1911 Encyclopædia Britannica/Junius, Franz
JUNIUS, FRANZ (in French, François du Jon), the name of two Huguenot scholars.
(1) Franz Junius (1545–1602) was born at Bourges in France on the 1st of May 1545. He had studied law for two years under Hugo Donellus (1527–1591) when he was given a place in the retinue of the French ambassador to Constantinople, but before he reached Lyons the ambassador had departed. Junius found ample consolation in the opportunities for study at the gymnasium at Lyons. A religious tumult warned him back to Bourges, where he was cured of certain rationalistic principles that he had imbibed at Lyons, and he determined to enter the reformed church. He went in 1562 to study at Geneva, where he was reduced to the direst poverty by the failure of remittances from home, owing to civil war in France. He would accept only the barest sustenance from a humble friend who had himself been a protégé of Junius’s family at Bourges, and his health was permanently injured. The long-expected remittance from home was closely followed by the news of the brutal murder of his father by a Catholic fanatic at Issoudun; and Junius resolved to remain at Geneva, where his reputation enabled him to live by teaching. In 1565, however, he was appointed minister of the Walloon church at Antwerp. His foreign birth excluded him from the privileges of the native reformed pastors, and exposed him to persecution. Several times he barely escaped arrest, and finally, after spending six months in preaching at Limburg, he was forced to retire to Heidelberg in 1567. There he was welcomed by the elector Frederick II., and temporarily settled in charge of the Walloon church at Schönau; but in 1568 his patron sent him as chaplain with Prince William of Orange in his unfortunate expedition to the Netherlands. Junius escaped as soon as he could from that post, and returning to his church remained there till 1573. From 1573 till 1578 he was at Heidelberg, assisting Emmanuel Tremellius (1510–1580), whose daughter he married, in his Latin version of the Old Testament (Frankfort, 1579); in 1581 he was appointed to the chair of divinity at Heidelberg. Thence he was taken to France by the duke of Bouillon, and after an interview with Henry IV. was sent again to Germany on a mission. As he was returning to France he was named professor of theology at Leiden, where he died on the 13th of October 1602.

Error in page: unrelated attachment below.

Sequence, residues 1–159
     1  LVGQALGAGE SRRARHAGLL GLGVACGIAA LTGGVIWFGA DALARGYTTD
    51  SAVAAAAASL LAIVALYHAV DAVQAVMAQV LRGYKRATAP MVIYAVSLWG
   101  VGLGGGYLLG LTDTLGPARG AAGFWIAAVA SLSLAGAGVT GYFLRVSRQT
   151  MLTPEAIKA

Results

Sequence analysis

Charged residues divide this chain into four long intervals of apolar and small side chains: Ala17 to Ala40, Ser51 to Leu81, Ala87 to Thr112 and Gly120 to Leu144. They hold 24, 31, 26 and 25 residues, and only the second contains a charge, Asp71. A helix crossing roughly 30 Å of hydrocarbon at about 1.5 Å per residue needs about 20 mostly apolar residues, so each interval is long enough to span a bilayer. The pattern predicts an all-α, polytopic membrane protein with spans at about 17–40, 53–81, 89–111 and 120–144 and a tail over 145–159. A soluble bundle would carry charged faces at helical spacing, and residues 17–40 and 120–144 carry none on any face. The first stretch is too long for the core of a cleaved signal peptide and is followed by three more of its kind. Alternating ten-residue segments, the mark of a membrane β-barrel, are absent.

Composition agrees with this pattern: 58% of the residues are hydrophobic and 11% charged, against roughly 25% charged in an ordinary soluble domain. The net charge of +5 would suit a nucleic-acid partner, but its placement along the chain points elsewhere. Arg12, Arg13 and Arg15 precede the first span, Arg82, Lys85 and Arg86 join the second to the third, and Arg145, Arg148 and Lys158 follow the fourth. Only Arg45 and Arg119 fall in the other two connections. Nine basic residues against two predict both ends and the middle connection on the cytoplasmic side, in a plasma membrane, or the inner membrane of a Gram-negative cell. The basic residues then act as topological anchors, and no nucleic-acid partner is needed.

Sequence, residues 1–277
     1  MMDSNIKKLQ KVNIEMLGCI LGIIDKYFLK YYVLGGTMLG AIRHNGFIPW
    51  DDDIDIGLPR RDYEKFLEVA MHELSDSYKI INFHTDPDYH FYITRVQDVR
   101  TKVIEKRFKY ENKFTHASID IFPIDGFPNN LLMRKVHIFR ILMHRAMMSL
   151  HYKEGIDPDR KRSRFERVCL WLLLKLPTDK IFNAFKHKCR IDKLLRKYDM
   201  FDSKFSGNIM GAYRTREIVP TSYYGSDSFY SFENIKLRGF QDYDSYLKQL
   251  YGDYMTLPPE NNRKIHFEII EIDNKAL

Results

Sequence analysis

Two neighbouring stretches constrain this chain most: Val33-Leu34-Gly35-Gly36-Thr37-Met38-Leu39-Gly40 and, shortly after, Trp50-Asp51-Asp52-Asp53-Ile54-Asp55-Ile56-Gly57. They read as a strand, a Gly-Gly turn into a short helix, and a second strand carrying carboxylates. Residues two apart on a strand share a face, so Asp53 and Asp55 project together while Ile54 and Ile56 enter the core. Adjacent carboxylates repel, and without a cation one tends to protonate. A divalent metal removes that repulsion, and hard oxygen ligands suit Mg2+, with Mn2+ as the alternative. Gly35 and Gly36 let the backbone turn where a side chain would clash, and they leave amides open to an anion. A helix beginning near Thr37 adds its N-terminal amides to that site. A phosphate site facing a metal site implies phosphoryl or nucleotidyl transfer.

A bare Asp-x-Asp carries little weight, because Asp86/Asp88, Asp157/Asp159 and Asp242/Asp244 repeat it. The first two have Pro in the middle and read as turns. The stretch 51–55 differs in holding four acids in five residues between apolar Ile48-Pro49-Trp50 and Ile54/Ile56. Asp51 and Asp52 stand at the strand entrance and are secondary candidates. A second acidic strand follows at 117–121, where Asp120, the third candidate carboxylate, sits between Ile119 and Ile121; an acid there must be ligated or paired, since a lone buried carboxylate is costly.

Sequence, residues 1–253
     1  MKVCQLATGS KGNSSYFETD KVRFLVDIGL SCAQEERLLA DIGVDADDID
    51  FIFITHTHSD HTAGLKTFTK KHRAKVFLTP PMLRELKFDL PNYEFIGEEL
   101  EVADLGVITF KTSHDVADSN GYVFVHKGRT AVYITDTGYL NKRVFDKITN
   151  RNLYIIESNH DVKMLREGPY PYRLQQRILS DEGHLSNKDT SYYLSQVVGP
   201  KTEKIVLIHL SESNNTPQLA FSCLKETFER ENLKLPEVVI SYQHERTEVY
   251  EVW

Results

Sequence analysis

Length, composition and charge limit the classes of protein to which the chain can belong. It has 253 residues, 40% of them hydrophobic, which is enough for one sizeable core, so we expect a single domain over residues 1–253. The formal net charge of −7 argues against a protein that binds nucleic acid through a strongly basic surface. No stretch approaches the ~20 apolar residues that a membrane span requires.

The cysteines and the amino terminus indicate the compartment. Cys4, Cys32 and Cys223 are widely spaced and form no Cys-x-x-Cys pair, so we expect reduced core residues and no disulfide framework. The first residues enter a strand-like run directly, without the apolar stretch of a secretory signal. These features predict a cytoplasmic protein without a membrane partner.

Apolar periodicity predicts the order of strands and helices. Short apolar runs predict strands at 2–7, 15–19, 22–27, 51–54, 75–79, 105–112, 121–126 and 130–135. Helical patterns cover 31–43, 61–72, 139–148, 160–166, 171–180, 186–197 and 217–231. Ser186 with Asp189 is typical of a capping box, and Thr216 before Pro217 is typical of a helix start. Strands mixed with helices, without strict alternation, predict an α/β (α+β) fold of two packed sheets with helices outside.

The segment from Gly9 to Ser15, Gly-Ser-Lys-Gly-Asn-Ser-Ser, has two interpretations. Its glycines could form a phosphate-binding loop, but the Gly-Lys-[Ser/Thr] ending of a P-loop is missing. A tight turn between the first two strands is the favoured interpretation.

He was a voluminous writer on theological subjects, and translated and composed many exegetical works. He is best known from his own edition of the Latin Old Testament, slightly altered from the former joint edition, and with a version of the New Testament added (Geneva, 1590; Hanover, 1624). The Opera Theologica Francisci Junii Biturigis were published at Geneva (2 vols., 1613), to which is prefixed his autobiography, written about 1592 (new ed., edited by Abraham Kuypers, 1882 seq.). The autobiography had been published at Leiden (1595), and is reprinted in the Miscellanea Groningana, vol. i., along with a list of the author’s other writings.
(2) Franz Junius (1589–1677), son of the above, was born at Heidelberg, and brought up at Leiden. His attention was diverted from military to theological studies by the peace of 1609 between Spain and the Netherlands. In 1617 he became pastor at Hillegondsberg, but in 1620 went to England, where he became librarian to Thomas Howard, earl of Arundel, and tutor to his son. He remained in England thirty years, devoting himself to the study of Anglo-Saxon, and afterwards of the cognate old Teutonic languages. His work, intrinsically valuable, is important as having aroused interest in a frequently neglected subject. In 1651 he returned to Holland; and for two years lived in Friesland in order to study the old dialect. In 1675 he returned to England, and during the next year resided in Oxford; in 1677 he went to live at Windsor with his nephew, Isaac Vossius, in whose house he died on the 19th of November 1677. He was buried at Windsor in St George’s Chapel.
He was pre-eminently a student. He published De pictura veterum (1637) (in English by the author, 1638; enlarged and improved edition, edited by J. G. Graevius, who prefixed a life of Junius, with a catalogue of architects, painters, &c., and their works, Rotterdam, 1694); Observationes in Willerami Abbatis francicam paraphrasin cantici canticorum (Amsterdam, 1655); Annotationes in harmoniam latino-francicam quatuor evangelistarum, latine a Tatiano confectam (Amsterdam, 1655); Caedmonis monachi paraphrasis poetica geneseos (Amsterdam, 1655) (see criticism under Caedmon); Quatuor D.N.I.C. evangeliorum versiones perantiquae duae, gothica scilicet et anglo-saxonica (Dort, 2 vols., 1665) (the Gothic version in this book Junius transcribed from the Silver Codex of Ulfilas; the Anglo-Saxon version is from an edition by Thomas Marshall, whose notes to both versions are given, and a Gothic glossary by Junius); Etymologicum anglicanum, edited by Edward Lye, and preceded by a life of Junius and George Hickes’s Anglo-Saxon grammar (Oxford, 1743) (its results require careful verification in the light of modern research). His rich collection of ancient MSS., edited and annotated by him, Junius bequeathed to the university of Oxford. Graevius gives a list of them; the most important are a version of the Ormulum, the version of Caedmon, and 9 volumes containing Glossarium v. linguarum septentrionalium.